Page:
Five Somalis convicted in $40m Minnesota fraud scheme

Minneapolis (Caasimada Online) – A Minnesota jury convicted five individuals and acquitted two others on Friday for their involvement in a scheme that siphoned over $40 million from a program meant to provide meals to children during the COVID-19 pandemic.

The case garnered considerable attention due to an attempt to bribe a juror with $120,000 in cash, leading to the juror’s dismissal before deliberations commenced. A second juror informed about the bribe was also dismissed.

The FBI continues to investigate this attempted bribe, but no arrests have been announced.

Assistant U.S. Attorney Joe Thompson condemned the bribery attempt as “an attack on our criminal justice system,” vowing a thorough investigation using all available resources.

Despite the scandal, Thompson expressed satisfaction with the fraud convictions, emphasizing the severe impact of the defendants’ actions.

The convicted individuals lied about providing millions of meals to Minnesota children during the pandemic, exploiting the crisis to defraud the state and steal tens of millions of dollars.

Thompson described their actions as not only criminal but also depraved and brazen. In contrast, defense attorneys argued that their clients delivered real meals to real people.

These seven defendants were the first to face trial among 70 individuals indicted in what federal prosecutors have dubbed one of the largest COVID-19-related frauds in the country.

The relaxed regulations designed to prevent economic collapse during the pandemic were manipulated, allowing more than $250 million in federal funds to be stolen, with only $50 million recovered.

The mechanism of the fraud

The fraudulent operation involved funds from the U.S. Department of Agriculture, which were administered by the state through nonprofit organizations and other partners.

The accused allegedly submitted false invoices for meals that were never served, ran shell companies, laundered money, committed passport fraud, and accepted kickbacks.

According to federal prosecutors, only a small portion of the funds received through the Feeding Our Future nonprofit went towards feeding low-income children, with the majority being spent on luxury cars, jewelry, travel, and real estate.

The defendants faced multiple counts, including conspiracy, wire fraud, money laundering, and federal programs bribery.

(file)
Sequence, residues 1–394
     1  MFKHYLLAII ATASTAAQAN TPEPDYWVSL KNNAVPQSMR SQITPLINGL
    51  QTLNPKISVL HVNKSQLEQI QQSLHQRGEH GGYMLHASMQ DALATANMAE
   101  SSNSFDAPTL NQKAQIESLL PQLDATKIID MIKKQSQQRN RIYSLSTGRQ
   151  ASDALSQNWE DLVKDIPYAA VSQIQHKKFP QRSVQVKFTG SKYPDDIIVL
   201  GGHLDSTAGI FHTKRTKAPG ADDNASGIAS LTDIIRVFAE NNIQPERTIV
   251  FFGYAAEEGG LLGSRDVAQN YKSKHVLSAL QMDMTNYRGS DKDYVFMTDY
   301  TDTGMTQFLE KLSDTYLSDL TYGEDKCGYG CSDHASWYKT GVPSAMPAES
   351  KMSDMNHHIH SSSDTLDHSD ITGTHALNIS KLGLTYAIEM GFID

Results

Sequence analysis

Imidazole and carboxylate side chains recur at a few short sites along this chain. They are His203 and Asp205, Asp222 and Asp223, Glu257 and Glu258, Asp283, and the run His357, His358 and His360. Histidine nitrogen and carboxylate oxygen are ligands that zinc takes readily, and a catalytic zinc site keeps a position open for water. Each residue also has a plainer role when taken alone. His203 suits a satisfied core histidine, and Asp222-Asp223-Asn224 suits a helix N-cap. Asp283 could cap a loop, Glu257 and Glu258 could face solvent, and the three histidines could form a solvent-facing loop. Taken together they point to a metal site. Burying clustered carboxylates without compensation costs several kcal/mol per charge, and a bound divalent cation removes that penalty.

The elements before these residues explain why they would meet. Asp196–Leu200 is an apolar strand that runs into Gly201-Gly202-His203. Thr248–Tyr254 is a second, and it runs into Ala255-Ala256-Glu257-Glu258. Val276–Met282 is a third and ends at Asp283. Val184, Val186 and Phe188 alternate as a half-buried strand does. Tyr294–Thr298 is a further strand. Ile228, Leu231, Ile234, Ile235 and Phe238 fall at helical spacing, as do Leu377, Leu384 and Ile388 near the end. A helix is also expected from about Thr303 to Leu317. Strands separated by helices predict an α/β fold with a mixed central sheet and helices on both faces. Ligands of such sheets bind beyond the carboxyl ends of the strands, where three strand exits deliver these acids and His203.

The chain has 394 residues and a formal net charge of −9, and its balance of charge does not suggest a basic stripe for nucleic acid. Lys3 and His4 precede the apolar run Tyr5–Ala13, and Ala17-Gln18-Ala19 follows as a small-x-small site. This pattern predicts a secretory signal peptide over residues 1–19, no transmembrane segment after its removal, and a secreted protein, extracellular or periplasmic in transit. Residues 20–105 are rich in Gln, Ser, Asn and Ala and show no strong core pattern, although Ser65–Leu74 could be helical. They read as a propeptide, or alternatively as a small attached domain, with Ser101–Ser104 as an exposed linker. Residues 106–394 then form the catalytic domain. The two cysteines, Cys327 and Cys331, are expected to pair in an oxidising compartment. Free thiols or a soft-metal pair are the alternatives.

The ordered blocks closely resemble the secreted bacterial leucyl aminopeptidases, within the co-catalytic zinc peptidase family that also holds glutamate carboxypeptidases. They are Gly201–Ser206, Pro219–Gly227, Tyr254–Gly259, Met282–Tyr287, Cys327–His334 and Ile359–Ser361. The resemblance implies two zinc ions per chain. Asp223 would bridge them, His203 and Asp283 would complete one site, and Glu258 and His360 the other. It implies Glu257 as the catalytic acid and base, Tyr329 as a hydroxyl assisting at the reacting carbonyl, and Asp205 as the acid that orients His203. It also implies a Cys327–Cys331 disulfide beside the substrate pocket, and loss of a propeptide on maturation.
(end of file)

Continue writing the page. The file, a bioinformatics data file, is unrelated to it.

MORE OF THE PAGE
Each was charged based on their specific roles and had individual legal representation, resulting in a mixed verdict from the jury.

Abdiaziz Shafii Farah, Mohamed Jama Ismail, Abdimajid Mohamed Nur, Mukhtar Mohamed Shariff, and Hayat Mohamed Nur were found guilty on most counts.

Abdiaziz Farah considered a ringleader, faced the most charges and was convicted on 23 of the 24 counts against him. Said Shafii Farah and Abdiwahab Maalim Aftin were acquitted of all charges.

Defense and legal reactions

Following the verdict, Andrew Garvis, representing Aftin, acknowledged the case’s complexity and appreciated the jury’s thorough consideration.

Steven Schleicher, Said Farah’s attorney, expressed his client’s gratitude for the acquittal. Other defense attorneys either declined to comment or did not respond to requests for comments.

Sentencing hearings for the convicted defendants will be scheduled later.

This case is part of a broader issue highlighted in an Associated Press analysis, documenting how thieves nationwide plundered billions in federal COVID-19 relief funds.

Fraudsters potentially stole over $280 billion, with another $123 billion wasted or misspent, amounting to 10% of the $4.3 trillion disbursed by the government.

The Bribery Incident

The bribery attempt in this case further complicated the proceedings. After a juror reported the attempt, the judge ordered the surrender of all seven defendants’ cell phones for investigation.

All defendants were taken into custody, and the jury was sequestered.

According to an FBI affidavit, a woman delivered a gift bag containing $120,000 in cash to the “Juror #52” home in Spring Lake Park, urging the juror to vote “not guilty.”

The juror immediately reported the incident to the police. The list of people with access to juror information included prosecutors, defense lawyers, and the seven defendants.

Following the bribery incident, FBI agents conducted a search at Abdiaziz Shafii Farah’s residence.

While the FBI confirmed their presence in the city, they did not disclose any details about the search’s connection to the bribery investigation.

The federal charges for bribing or influencing a juror carry a maximum penalty of 15 years in prison, a potential outcome that is eagerly awaited by the public.

Eighteen additional individuals have pleaded guilty in the broader $250 million fraud scheme.

Among those awaiting trial is Aimee Bock, founder of Feeding Our Future, who maintains her innocence, asserting that she never stole and saw no evidence of Fraud among her subcontractors.